Saturday, 29 November 2008

NEAC 5, CEEC and the hermeneutics of suspicion

By all accounts, the NEAC 5 gathering in London on November 19th could have gone better. Without a doubt there was a widespread sense that the motion put in the afternoon was ‘sprung’ on the meeting. Combined with the fact that no amendments were allowed, this has undermined the notion that this was a ‘consultation’.

At the same time, however, the manner in which objections to the process were voiced has left a bitter taste in the mouths of some attendees. Some feel that opposition to the CEEC was more heartfelt than any objections to the revisionist agenda or to legal action against other Anglicans in North America.

The sense of division amongst Evangelicals is palpable, and part of this is what might be called a prevailing ‘hermeneutic of suspicion’ — a tendency to attribute the worst of motives to those with whom there is disagreement.

Thus on the Fulcrum website the news that e-mails are being exchanged amongst CEEC members considering an alternative motion to that put on the 19th has been greeted with one accusation that this is “the electronic equivalent of ‘smoke-filled rooms’” with “the Usual Suspects’ stitching up a solution that they will foist on the great unwashed, whom they hold in contempt and whom they will manipulate at every opportunity.”

Reading this outside the context of that forum, it is of course an immoderate opinion. Nevertheless, it may be indicative of a widespread suspicion. The contributor goes on to ask that in the “interests of transparency and a genuine desire for wide consultation ... ALL of these e mails, in their complete form” be made public, concluding, “Don't hold your breath, though.”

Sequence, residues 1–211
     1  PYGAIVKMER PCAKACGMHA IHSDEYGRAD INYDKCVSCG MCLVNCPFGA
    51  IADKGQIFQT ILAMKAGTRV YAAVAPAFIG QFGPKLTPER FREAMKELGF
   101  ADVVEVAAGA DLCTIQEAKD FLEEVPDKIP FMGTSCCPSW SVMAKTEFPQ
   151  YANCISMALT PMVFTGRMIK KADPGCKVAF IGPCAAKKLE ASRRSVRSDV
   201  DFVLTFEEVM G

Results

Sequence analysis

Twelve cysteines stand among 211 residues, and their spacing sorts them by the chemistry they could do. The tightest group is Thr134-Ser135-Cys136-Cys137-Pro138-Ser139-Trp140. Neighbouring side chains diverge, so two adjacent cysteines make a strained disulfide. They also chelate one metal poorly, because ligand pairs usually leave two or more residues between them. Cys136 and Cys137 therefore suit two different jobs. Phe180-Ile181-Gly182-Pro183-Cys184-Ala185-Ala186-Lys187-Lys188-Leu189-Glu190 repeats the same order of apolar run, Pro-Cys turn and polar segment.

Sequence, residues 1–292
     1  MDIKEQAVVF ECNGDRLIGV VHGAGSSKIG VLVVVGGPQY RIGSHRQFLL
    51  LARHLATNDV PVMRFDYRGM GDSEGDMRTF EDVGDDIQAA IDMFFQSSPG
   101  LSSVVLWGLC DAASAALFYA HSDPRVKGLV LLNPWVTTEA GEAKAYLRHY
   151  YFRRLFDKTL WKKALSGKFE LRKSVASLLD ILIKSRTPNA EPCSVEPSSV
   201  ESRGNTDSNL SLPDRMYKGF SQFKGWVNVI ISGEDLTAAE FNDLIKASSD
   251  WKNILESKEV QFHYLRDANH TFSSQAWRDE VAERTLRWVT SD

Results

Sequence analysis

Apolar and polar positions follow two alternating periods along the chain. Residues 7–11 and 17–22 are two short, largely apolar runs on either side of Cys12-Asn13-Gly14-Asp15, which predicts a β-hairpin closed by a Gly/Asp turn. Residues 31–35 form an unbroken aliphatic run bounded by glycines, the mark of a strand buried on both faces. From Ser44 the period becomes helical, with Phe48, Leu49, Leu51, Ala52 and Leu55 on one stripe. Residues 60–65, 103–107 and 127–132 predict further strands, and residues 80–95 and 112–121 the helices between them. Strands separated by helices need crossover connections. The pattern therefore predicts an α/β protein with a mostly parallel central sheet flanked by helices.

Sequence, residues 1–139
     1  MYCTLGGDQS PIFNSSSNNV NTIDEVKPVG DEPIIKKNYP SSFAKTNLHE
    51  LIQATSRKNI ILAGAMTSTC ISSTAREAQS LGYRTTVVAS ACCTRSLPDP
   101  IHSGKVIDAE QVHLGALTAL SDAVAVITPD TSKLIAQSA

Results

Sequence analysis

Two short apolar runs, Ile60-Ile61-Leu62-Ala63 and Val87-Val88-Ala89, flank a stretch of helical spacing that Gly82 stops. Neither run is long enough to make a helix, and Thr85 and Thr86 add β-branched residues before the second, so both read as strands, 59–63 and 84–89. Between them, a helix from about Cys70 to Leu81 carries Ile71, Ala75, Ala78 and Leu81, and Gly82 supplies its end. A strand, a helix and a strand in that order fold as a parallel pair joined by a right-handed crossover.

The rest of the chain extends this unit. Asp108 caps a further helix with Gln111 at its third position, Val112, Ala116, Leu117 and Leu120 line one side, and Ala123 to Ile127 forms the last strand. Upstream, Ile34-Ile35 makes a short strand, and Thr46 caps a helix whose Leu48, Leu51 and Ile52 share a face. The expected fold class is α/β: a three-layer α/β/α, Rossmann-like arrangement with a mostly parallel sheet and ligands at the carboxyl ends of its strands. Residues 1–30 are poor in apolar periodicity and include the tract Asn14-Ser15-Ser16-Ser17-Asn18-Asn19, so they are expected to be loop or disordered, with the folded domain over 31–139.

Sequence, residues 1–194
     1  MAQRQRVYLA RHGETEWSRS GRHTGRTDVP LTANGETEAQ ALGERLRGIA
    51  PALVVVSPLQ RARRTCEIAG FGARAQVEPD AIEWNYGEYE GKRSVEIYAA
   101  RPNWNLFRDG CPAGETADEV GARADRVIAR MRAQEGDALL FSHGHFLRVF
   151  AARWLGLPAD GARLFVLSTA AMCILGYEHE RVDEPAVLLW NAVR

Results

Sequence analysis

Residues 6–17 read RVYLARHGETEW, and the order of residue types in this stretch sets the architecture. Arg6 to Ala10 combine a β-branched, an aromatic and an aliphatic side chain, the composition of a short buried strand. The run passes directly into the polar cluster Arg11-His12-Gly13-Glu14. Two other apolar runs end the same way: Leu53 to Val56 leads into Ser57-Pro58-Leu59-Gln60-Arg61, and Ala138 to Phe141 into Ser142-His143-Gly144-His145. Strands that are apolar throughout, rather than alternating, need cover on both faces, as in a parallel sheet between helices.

What, then, can be said in response?

As far as I am aware, as a member of the CEEC, the only motion being discussed is one I have proposed. I am also not unaware that I am probably one of those ‘Usual Suspects’ (indeed, I would be slightly disappointed to discover I wasn’t).

Nevertheless, the intention of what I have put forward is precisely to avoid the mistake apparent in what happened on the 19th and to take into account a much broader range of responses to what is happening in the Communion. In this respect, it would be worth reading the notes on Christina Baxter’s talk to the Chelmsford Diocesan Evangelical Association today.

Several people have responded to the initial proposal, and as a result I have substantially trimmed down my first version. This is what consultation is about. I doubt, however, that now would be the right time to put this in the public arena.

This is not because I am ashamed of the proposal (though in retrospect the first version was embarrassing for its length). Rather, it is that there is such a thing as ‘due process’ and, in the first instance, I believe this means it is for the CEEC to discuss CEEC business.

By the same token, I also believe it would be quite wrong to publicize e-mails which had been sent in good faith by those who thought they were merely taking part in this process. Such an action would, I think, be a breach of trust.